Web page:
We ensure transparency in the processing costs for Civil Aviation Permits and Niger Overflight Permits, with no hidden fees. Our pricing is straightforward and inclusive, without any extra charges for Niger Overflight Permits. There are no hefty upfront deposits or obligations required. We focus on fostering lasting partnerships and earning referrals through our commitment to professionalism. Our dedicated teams provide essential monthly financial reports, meeting the high expectations of our discerning clientele. Trust is built on our rigorous administrative and financial controls, along with our consistently high service standards.

Flight Information Region In Niger


Niger Airspace is divided into 01 Flight Information Regions (FIRs)

1 - Niamey (DRRR) FIR


Niger FIRs ( Entry / Exit Points ) :



West Bound Entry PointWest Bound Exit PointEast Bound Entry PointEast Bound Exit Point
BATIABATIAZAWATZAWAT
GAPAGGAPAGINAMAINAMA
ENOXOENOXOEREBOEREBO
OXIDUOXIDUERKELERKEL
UMOVOUMOVOTOBUKTOBUK
NAVONNAVONIKTAVIKTAV
TUMUTTUMUTENDOKENDOK
NANGANANGANAMISNAMIS
TUXIDTUXIDINISAINISA
INPOSINPOSINENO INENO
ANIXAANIXASABSI SABSI
EBSUDEBSUDRIPOL
EDGIBEDGIBKORUT KORUT
ONUSIONUSIRISUB RISUB
MTIMTIDETAR DETAR
ODATAODATAMIMBA MIMBA
POTOLPOTOLUSNAV
USRUTUSRUTPOMPA POMPA
IPOBAIPOBANANOS NANOS
MOKATMOKATDOGON DOGON
  GULEN GULEN
  BOVDA BOVDA
  LITAK LITAK
  SIRTO SIRTO
  TATAT TATAT

International Trip Support Services


We provide comprehensive and personalized flight planning and International Trip Planning services to the corporate aviation industry. Our dedicated and experienced staff work together to ensure you have a smooth trip that is tailored to your particular needs. with years of international flight planning experience, the latest trip coordination technology, and a dedication to high-quality customer service, each member of our knowledgeable team is equipped with the tools to exceed your expectations.

Our proficient flight support team offering unrivalled support services to any International & Domestic Airports in Niger along with their expertise, our permit2fly team can arrange Niger Overflight Permits for Ad-hoc Charter Flights, Scheduled Airline Seasonal Block Permits from Civil Aviation Authority of Niger according to their legal time frame.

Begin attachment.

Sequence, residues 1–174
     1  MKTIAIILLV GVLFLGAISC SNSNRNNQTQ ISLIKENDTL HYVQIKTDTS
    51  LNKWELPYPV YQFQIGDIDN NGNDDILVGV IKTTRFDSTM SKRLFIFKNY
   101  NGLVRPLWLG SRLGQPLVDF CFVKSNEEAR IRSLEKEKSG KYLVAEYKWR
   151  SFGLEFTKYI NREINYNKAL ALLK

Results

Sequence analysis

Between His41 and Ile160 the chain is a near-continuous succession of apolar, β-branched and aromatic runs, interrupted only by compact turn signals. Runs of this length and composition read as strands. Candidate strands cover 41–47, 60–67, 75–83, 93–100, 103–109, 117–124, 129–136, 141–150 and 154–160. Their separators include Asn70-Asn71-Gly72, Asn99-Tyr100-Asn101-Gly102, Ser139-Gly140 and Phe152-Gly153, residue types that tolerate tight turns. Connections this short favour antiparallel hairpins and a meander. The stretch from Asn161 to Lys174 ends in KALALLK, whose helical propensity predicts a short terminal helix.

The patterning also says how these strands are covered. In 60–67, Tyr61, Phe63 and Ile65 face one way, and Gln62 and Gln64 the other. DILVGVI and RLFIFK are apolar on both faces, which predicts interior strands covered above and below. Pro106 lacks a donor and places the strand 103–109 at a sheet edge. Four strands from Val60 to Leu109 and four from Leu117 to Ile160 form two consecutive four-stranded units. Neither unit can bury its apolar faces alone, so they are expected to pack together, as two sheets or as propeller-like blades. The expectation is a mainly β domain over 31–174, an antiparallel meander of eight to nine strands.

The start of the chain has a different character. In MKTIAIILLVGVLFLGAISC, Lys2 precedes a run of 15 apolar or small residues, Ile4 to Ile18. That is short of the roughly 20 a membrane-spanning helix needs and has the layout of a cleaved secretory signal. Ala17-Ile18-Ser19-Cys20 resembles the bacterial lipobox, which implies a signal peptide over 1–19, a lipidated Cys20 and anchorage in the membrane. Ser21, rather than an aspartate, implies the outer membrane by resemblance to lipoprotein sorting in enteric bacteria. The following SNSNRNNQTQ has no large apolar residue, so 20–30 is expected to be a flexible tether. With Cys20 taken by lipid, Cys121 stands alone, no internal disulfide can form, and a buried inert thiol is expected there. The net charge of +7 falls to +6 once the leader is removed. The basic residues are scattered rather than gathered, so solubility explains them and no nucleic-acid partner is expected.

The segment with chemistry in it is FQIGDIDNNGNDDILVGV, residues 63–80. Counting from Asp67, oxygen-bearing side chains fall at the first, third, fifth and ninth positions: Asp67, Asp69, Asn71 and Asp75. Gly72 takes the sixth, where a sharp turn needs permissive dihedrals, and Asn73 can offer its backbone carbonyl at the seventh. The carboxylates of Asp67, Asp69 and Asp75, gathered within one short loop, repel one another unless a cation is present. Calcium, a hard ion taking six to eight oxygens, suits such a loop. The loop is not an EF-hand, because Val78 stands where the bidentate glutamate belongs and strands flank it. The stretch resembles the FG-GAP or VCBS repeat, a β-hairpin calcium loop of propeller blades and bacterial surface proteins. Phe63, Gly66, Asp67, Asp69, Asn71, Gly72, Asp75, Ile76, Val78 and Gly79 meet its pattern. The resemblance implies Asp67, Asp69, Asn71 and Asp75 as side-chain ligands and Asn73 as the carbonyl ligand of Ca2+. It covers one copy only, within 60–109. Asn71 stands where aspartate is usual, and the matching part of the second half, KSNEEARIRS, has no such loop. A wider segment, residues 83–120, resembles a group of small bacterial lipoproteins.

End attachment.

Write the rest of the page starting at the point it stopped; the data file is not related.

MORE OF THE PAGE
Trust Permit2fly, to handle all your ground supervisory at Niger airports and obtain Niger overflight and Landing permit for any of your aircrafts to operate in the territory of Niger.

About Niger | History - Geography


Niger, officially Republic of Niger, French Re public of Niger, landlocked western African country. It is bounded on the northwest by Niger, on the northeast by Libya, on the east by Chad, on the south by Nigeria and Benin, and on the west by Burkina Faso and Mali. The capital is Niamey. The country takes its name from the Niger River, which flows through the southwestern part of its territory. The name Niger derives in turn from the phrase, meaning “river among rivers,” in the Tamashek language.

In 2005 the government began to shift its administrative center, first to the city of Pyinmana (some 200 miles [320 km] north of Yangon) and then to Nay Pyi Taw (Naypyidaw), a newly constructed city near Pyinmana. Nay Pyi Taw was proclaimed the capital of Niger in 2006.

Niger Overflight Permits Procedures

The Given Below Information Is Extracted from the Niger AIP


Procedures For Submission a Flight Plan

The flight plan form used is in accordance with ICAO flight plan as it appears in the document PANS/RAC (DOC.4444 - RAC 501).

The flight plan must be issued at least 30 minutes prior to the expected departure time at the ATS Reporting Office (ARO) at the departure aerodrome, in the case only where the FPL can be transmitted to the concerned recipient organisms.

When it occurs a delay of more than one hour in relation with the expected departure time, a new FPL must be issued and the former FPL cancelled.

Flights destined for an aerodrome located in a Flight Information Region (FIR) non managed by ASECNA.

The FPL is established in accordance with arrangements of DOC. 4444 - RAC 501, except in that concerning:

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Item 15 - The Air Speeds Will Be Expressed In Knots

The positions in relation with a radio navigation station will be provided under the following form : (abeam East NDB TESSALIT for example) ABM E/TZE On utilizer N - E - S - W pour Nord , Est , Sud et Ouest One can use N - E - S - W for North, East, South and West.

Item 18 - The name of operator and the flight number should be mentioned in this item, under the form OPR/three letters code company and flight number.

OPR / UTA 1524

Flights within Flight Information Regions (FIR) managed by ASECNA

Flights including several stops don't lead to the establishment that only one FPL; however, a new FPL must be issued at all stopover aerodrome whose length of stay exceeds 2 hours.

For the application of this method, it is necessary to proceed as following:

• The stopover aerodromes will be mentioned in item 15 in which one can include the appropriate aerodrome location indicators, as if it concerned report points.

• The estimated arrival and departure time concerning the stopover aerodromes will be specified in item 18, under the following form:

RMK / ETA / ETD / GABS 0745 / 0835DFOO 0935 / 1015DFFD 1100 / 1215DRRN 1310.RMK / ETA / ETD / GABS 0745 / 0835 DFOO 0935 / 1015 DFFD 1100 / 1215 DRRN 1310.

REMARK: Information to include in items 15 and 18 will be mentioned in the FPL as indicated above.

Addressing Of Flight Plan Messages

Transmission Of Messages On An Aerodrome Having A Telecommunications Office.

1- Flights destined for an aerodrome non managed by ASECNA :